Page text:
Time has not been kind to the children of Levine, and in this context I mean the videogames under the Bioshock label, not the presumed flesh-and-blood entities that are resultant of a combination of gametes involving Mr Levine and whatever partners may have been involved. No, as for those entities, if you’re somehow, inexplicably reading this sentence, I would advocate not making any sudden movements around Dad, because he’s clearly quite terrified of you. The games, however, have been given something of an unpleasant beating in the course of history as it rolls past them. Bioshock 1 was successful enough to overshadow its sequels, but also kick off the ‘games as art’ conversation that helped push some of the recent scrutiny of games that are being talked about as art, and being at the crest of that wave, it wound up being scrutinised by more critical eyes than originally gave it all of its 10/10s. Bioshock was suddenly being looked at in the context of its simplistic approach to gender, its monoracial world, its violence-as-only-solution, it’s daddification-as-expression, and even as the game should stand proud for bringing this kind of attention for videogames, it does not look good in that light.
Bioshock 2 is a little bit lucky, actually; as the game’s worn on, the consensus about its bad multiplayer content is that it’s bad, and therefore, people stop talking about it as a feature to be considered, but rather, a growth to be excised. Bonus, the death of Games For Windows Live has decoupled Bioshock 2 from its worst practical element. On the other hand, now it has to look up on both sides to its big-budget brethren, which are either aesthetically superior or better writing, and as bad as Bioshock 2 looked in light of Bioshock, it looks even worse when it has to compare to the jaw-dropping aesthetics of the teaspoon-deep Bioshock Infinite. They even hit most of the same plot points and have a nearly identical conclusion.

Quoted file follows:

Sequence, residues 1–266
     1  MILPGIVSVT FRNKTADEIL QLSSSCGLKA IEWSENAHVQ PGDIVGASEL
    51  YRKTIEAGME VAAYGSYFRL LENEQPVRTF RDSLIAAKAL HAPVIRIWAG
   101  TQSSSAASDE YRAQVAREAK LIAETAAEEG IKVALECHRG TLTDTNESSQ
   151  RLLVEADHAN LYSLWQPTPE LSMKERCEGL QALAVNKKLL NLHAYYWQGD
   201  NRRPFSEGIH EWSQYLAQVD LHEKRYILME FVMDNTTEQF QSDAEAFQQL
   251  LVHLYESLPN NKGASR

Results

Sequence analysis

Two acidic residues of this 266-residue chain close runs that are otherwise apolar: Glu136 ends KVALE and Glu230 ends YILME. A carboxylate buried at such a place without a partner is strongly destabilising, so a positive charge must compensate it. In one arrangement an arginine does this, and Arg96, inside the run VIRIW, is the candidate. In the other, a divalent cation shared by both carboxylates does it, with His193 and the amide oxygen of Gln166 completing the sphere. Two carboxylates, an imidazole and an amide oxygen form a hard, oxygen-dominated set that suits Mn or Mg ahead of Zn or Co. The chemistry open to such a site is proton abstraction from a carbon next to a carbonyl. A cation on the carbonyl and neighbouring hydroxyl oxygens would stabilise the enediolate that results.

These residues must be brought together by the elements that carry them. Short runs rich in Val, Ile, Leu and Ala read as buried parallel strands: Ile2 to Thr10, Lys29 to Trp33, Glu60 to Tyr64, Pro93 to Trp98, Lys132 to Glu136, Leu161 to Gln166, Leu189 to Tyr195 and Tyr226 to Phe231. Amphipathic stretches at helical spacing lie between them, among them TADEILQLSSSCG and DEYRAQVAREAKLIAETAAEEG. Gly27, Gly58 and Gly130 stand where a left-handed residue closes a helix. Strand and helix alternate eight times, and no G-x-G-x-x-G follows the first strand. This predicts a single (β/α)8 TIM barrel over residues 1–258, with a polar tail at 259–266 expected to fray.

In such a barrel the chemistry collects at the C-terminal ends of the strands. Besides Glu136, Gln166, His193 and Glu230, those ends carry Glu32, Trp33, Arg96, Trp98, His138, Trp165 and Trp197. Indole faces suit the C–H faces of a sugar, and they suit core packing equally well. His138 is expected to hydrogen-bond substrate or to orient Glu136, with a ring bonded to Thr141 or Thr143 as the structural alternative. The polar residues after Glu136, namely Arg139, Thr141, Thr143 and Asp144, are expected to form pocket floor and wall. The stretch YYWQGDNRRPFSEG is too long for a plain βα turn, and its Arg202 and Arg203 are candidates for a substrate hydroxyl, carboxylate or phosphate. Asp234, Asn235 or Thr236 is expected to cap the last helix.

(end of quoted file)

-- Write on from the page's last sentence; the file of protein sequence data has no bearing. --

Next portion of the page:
What then, has become worse for Bioshock Infinite, though?
Well, the first problem is attempts to fix it. If you ran through the typical critical points about BSI, you’d get a list something like this:
- It’s not set in Rapture!
- Vigors don’t make sense!
- I can only carry two guns!
- Elizabeth is a Disney Princess!
- It doesn’t feel like a living city!
- Using guns and vigors alongside one another isn’t useful!
- Whhyyyy isn’t it in Raaaptuuuure?
Well, if this sounds like your master list of what’s wrong with BSI, boy does Burial At Sea: Part 1 want to be for you!
First things first, BaS opens with noir-style plunge back into the objectivist
paradise hellhole paradise hellhcity with an almost frantic plea. You open your front door and the first thing you see is the same slogan and bust that crested the entrance to Rapture up in the lighthouse. You’re then taken on a walking tour of an urban section of Rapture, watch Little Sisters being creepy, move linearly from A to B to C, then encounter a ‘puzzle’ that you solve by opening all the doors and finding what you were looking for in the last one. See? It’s not just all violence! Then there’s Sander Cohen – remember how cool Sander Cohen was, compared to Fink? Okay, rad, now let’s go to an isolated prison where splicers burst out of the woodwork in infinitely re-re-respawning fightboxes, and you need to flip six switches to flip the seventh switch and then boss battle. The respawning enemies force you to scrounge for goods more. You can carry any number of guns, and the ammunition for them is spread out more, forcing you to be more careful about which you favour, and you’re more fragile, so you’ll die and lose money. There’s optional pickups and areas you don’t have to explore, which are sort of like secrets.